JAMA Ophthalmology, January 2019
Some evidence suggests that the quality of patient care may be lower in the latter stages of a physician’s career. Of particular concern is the technical proficiency of surgeons, given the neurophysiologic changes that occur naturally with aging. In a large population-based study that addressed this matter for cataract surgery, Campbell et al. found no correlation between late career stage and the risk of adverse surgical events.
The study included data for 499,650 cataract operations performed in Ontario, Canada, from 2009 through 2013, which represented all ophthalmologists who performed the surgery in the province during this period. Linked health care databases were used to study cataract surgery complications while controlling for patient-, surgeon-, and institution-level covariates. The authors focused on four serious adverse events: dropped lens fragments, posterior capsular rupture, suspected endophthalmitis, and retinal detachment. Surgeons were grouped by career level, with early-, mid-, and late-career phases defined as <15 years of experience, 15-25 years of experience, and >25 years of experience, respectively.
Random-effects logistic regression models were used to evaluate the association between late-career stage and the risk of adverse events, controlling for both patient-level and surgeon-level covariates and for institution type. In a secondary analysis, surgeon age was the variable of interest. Analyses were adjusted for secular trends.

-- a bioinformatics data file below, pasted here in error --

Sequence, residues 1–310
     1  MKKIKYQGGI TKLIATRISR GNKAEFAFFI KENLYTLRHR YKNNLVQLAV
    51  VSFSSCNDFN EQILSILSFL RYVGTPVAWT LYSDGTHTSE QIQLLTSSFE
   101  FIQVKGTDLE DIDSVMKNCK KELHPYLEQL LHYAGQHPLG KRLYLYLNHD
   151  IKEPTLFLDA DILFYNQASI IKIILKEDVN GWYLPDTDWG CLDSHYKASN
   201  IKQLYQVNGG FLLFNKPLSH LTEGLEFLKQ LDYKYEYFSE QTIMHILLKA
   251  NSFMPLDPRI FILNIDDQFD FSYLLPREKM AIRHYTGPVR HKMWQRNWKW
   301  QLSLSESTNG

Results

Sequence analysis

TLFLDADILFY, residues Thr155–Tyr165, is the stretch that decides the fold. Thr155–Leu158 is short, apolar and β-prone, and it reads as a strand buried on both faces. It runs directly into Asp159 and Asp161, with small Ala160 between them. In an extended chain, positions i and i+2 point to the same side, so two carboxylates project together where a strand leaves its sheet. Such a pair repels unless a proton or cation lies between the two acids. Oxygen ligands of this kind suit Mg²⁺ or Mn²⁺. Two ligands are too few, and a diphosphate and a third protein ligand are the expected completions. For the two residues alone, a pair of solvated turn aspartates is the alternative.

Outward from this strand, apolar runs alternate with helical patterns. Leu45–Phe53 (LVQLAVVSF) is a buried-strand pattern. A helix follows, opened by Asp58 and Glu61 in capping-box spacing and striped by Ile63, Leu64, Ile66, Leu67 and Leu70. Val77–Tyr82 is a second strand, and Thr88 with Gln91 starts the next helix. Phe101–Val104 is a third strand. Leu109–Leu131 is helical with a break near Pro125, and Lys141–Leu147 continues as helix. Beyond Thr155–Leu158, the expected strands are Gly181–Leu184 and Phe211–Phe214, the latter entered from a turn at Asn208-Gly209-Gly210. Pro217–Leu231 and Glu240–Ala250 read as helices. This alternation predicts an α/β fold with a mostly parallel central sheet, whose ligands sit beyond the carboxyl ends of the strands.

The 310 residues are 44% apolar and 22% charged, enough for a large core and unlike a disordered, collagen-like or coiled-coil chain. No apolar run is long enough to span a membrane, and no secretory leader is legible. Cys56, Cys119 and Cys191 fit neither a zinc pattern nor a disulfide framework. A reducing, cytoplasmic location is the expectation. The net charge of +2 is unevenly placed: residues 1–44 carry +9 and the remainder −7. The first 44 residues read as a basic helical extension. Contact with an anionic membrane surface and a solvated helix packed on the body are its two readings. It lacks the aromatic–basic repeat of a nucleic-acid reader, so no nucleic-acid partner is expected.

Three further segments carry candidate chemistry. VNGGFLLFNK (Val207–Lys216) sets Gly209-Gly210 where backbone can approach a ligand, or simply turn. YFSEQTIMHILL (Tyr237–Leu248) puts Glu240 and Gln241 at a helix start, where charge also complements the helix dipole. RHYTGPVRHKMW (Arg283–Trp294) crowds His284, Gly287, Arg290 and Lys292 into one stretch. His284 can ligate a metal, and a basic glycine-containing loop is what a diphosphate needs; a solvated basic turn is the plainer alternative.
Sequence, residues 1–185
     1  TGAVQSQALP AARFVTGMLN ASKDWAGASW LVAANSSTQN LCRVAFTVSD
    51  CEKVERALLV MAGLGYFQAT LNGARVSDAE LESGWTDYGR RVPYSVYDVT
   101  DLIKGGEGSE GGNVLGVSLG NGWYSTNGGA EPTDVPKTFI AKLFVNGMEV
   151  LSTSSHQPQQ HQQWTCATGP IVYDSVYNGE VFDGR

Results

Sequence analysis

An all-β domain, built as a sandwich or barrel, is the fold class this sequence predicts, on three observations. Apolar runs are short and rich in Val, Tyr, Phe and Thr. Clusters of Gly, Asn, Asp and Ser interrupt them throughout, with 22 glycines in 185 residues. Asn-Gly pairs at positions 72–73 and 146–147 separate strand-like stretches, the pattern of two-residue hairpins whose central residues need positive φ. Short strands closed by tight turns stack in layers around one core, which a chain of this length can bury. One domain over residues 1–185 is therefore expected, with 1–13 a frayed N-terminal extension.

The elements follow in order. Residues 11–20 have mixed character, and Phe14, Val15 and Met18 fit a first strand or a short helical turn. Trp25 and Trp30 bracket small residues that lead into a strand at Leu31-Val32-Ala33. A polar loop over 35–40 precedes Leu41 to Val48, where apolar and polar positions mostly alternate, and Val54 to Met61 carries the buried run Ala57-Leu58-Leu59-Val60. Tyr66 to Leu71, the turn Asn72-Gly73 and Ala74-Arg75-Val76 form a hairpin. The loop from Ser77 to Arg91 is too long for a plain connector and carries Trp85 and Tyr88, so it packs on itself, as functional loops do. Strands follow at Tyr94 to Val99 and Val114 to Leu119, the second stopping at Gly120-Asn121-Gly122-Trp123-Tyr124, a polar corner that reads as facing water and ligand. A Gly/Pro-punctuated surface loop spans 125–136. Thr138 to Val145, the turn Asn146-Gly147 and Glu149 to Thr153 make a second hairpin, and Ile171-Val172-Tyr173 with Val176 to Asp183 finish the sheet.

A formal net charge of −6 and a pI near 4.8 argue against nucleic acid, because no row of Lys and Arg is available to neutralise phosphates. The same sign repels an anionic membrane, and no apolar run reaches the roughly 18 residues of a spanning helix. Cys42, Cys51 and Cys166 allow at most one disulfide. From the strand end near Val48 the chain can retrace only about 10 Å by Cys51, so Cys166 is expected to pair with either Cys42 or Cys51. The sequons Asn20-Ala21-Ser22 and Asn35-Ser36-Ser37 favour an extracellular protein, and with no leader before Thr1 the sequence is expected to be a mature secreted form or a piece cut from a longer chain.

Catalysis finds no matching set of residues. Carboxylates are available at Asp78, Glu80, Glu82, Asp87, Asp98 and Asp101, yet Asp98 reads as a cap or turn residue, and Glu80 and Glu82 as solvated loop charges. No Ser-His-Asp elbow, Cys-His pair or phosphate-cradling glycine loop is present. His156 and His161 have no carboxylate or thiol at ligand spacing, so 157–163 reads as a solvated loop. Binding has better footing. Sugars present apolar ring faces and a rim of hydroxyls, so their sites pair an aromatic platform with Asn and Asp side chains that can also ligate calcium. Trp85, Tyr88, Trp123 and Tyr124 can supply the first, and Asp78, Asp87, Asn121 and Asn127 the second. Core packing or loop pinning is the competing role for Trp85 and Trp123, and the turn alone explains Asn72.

During the study period, late-career surgeons performed 143,108 (28.6%) of the surgeries, and their work was not associated with higher overall risk of surgical adverse events (odds ratio [OR], 1.06 vs. midcareer surgeons). In a sensitivity analysis in which surgeon volume was removed from the model, the result was similar (OR, 1.10). An association was observed between late career stage and the risk of suspected endophthalmitis (OR, 1.41) and dropped lens fragment (OR, 2.30).
The authors noted that, in future studies, it may be worthwhile to consider the frequency of secondary surgery as another indicator of the quality of primary surgical care.
The original article can be found here.